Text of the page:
EVIL EYE PROTECTOR BOXER SHORTS
the motif featured in this design may look like a child’s drawing of a spaceship, but on a traditional kilim rug, it actually represents a so-called evil eye amulet, which protects its owner against malevolent glares.
get a pair and protect your junk!
our products are not exactly cheap. there are three reasons for that: one, we are a small label and produce small badges; two, some of the production takes place in switzerland (about 55% in terms of cost per unit in case of our boxer shorts); three, we use organic materials and the people who do all the sewing are paid fair or, as they say in romanian, echitabil wages.
the story of our boxer shorts illustrates production from three different angles:
PRODUCTION AS A PROCESS
we developed a prototype of the boxer shorts in cooperation with socialfabric.ch in zurich. the organic cotton fabric for production was ordered from turkey. in zurich, we cut the 200+ meters of poplin into screen printing friendly rectangles. siebdruck27.ch beautifully printed our designs in sweltering summer heat. all the materials and the sewing pattern, which was graded in the uk, were then shipped to romania, where maibine.org carefully sewed the shorts. after being shipped back to switzerland we, as a final touch, embroidered the l’n’l logo on the finished product.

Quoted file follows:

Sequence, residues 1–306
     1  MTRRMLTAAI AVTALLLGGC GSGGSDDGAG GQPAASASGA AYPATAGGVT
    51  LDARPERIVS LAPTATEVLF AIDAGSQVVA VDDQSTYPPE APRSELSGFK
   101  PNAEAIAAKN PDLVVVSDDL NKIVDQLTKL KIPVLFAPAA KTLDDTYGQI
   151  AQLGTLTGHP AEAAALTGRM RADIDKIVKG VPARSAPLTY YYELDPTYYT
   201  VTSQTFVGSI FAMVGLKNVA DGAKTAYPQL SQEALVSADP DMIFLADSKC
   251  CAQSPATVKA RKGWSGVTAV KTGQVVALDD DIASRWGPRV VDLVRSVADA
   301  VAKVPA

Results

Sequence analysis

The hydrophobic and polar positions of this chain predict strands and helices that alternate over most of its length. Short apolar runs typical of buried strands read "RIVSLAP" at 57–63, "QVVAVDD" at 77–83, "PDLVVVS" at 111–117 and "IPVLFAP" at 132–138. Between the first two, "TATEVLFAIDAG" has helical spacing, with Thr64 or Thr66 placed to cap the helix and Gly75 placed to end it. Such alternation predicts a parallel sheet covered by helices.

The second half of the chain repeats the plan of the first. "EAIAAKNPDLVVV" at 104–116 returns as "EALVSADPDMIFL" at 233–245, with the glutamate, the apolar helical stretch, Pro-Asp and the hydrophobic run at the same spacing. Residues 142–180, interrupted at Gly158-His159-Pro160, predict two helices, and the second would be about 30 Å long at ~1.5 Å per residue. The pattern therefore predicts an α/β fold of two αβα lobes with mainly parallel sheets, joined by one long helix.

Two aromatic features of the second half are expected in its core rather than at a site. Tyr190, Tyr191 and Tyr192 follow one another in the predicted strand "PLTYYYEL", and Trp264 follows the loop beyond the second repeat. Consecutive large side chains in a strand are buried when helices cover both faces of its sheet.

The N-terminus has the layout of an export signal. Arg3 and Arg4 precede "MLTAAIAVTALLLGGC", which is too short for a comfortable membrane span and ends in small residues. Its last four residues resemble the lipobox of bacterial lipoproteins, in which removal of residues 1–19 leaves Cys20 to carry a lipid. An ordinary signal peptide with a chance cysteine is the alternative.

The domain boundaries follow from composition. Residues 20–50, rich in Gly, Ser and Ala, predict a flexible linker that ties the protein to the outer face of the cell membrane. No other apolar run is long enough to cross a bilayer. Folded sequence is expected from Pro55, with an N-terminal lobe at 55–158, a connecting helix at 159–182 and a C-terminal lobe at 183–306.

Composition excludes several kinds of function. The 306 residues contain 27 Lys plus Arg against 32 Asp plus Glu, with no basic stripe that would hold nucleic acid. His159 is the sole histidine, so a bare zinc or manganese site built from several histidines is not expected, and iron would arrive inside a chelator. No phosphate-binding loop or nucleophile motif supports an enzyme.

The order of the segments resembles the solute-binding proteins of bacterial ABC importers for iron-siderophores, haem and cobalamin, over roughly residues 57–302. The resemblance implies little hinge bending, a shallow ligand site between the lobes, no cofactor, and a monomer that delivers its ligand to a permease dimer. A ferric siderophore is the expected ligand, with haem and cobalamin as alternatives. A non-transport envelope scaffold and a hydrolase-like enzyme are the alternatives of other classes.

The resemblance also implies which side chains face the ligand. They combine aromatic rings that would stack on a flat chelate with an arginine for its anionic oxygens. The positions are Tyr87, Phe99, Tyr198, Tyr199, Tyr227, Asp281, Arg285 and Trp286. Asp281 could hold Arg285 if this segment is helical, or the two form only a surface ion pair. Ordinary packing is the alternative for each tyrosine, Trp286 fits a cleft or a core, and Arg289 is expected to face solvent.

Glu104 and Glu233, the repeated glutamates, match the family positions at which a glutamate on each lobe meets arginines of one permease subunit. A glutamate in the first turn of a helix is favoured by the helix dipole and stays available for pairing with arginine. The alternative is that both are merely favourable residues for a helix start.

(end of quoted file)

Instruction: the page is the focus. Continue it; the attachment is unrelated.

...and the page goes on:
oh, and everything always got stuck at customs. ugh, customs!
PRODUCTION AS A RECIPE
here’s the full made in & of list (#whomademyclothes). and some explanations.
organic poplin fabric made of GOTS certified cotton: turkey
elastic waistband*: germany
buttons made of nacre**: china
polyester*** thread: germany
water based screen printing ink: belgium
* it is not possible, to our knowledge, to find sustainable elastic, so it’s just standard.
** we thought they were organic, because we bought them from a company that sells organic materials. turns out they’re just “natural” and not necessarily organic and/or harvested responsibly. dropped the ball there. will investigate better next time.
*** organic cotton thread has a lower tensile strength than polyester thread, and the seams tend to break more easily when cotton thread is used. we used polyester thread, because we think that extending clothing life-cycles has a bigger impact than using organic thread.